Issue 04 (February 21)


COSSA Conference Agenda Released; Hotel Block Rate Expires Feb. 28

The preliminary agenda for the 2017 COSSA Science Policy Conference & Social Science Advocacy Day on March 29-30 is now available. Featured speakers include University of California, Berkeley sociologist Arlie R. Hochschild and John Sides of the Washington Post’s Monkey Cage blog. Other sessions will highlight topics including Mobilizing Students as Ambassadors for Social Science, Promoting Your Expertise with National Media Outlets, Social Science in Government Service, and Advocating from Home. Register today! Don’t forget: participants from COSSA member organizations and universities are eligible to receive a discount on registration. Email for details.

For those planning to travel to the Conference from out of town, the conference hotel block rate expires on February 28. Book your room at the Hilton Garden Inn Washington DC/U.S. Capitol before prices go up next week! Use this link when booking to get the block rate or book over the phone and use the SRP code SCI.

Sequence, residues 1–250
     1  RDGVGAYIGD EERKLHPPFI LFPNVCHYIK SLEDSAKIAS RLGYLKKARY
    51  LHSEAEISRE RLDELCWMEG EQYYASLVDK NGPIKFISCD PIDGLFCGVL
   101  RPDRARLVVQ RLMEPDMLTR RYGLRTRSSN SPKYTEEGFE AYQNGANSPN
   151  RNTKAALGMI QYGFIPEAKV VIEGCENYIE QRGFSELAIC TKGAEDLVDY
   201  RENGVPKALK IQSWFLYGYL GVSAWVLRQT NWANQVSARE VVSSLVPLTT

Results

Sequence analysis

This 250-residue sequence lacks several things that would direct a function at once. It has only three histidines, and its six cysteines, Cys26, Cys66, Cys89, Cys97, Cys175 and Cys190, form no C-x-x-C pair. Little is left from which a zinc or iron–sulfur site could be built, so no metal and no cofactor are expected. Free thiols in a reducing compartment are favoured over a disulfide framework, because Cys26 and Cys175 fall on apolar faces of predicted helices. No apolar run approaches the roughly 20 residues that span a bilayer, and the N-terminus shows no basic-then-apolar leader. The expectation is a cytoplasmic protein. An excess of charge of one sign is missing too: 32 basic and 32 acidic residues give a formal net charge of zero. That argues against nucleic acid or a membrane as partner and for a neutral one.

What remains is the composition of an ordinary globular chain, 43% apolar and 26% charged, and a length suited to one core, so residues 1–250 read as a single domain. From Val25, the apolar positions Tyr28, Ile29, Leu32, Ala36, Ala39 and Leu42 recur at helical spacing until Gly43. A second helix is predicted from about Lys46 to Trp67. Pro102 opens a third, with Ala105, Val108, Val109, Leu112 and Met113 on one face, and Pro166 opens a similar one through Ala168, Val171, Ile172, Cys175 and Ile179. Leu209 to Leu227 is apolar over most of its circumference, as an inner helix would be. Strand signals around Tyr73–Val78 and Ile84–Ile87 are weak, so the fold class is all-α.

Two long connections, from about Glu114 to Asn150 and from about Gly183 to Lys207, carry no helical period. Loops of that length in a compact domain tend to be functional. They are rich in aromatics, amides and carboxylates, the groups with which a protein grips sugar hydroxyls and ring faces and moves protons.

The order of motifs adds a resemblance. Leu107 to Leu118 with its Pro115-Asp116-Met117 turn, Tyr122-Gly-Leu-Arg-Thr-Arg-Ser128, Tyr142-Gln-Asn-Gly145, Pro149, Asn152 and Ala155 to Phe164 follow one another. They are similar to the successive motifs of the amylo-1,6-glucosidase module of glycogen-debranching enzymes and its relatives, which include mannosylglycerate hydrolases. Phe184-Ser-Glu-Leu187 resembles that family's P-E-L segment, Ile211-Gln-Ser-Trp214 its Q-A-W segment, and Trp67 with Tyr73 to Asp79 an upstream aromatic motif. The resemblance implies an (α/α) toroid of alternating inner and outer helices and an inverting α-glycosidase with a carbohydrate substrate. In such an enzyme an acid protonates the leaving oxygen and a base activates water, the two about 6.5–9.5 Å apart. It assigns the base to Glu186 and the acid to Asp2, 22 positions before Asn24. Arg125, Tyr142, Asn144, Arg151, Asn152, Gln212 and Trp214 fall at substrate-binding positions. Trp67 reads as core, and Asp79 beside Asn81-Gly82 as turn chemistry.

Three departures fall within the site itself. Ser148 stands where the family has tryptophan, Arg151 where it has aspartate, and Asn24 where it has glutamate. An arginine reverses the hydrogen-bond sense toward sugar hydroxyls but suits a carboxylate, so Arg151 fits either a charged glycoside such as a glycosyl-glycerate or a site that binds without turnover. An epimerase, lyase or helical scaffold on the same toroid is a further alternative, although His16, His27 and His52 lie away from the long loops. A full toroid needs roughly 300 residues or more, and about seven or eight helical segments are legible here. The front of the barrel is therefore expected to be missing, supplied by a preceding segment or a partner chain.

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The American Anthropological Association Answers “Why Social Science?”

why-social-scienceThis week’s Why Social Science? guest post comes from Anne Kelsey, marketing and communications manager for the American Anthropological Association, who, in honor of Anthropology Day, writes about anthropology’s contributions to helping solve some of this century’s most pressing challenges. Read it here and subscribe.

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COSSA 2016 Annual Report Now Available

COSSA has released its 2016 Annual Report, which highlights some of COSSA’s activities and successes over the past year. Click here to read the report and learn how your organization can become a member of COSSA. Annual reports from previous years are available on the COSSA website.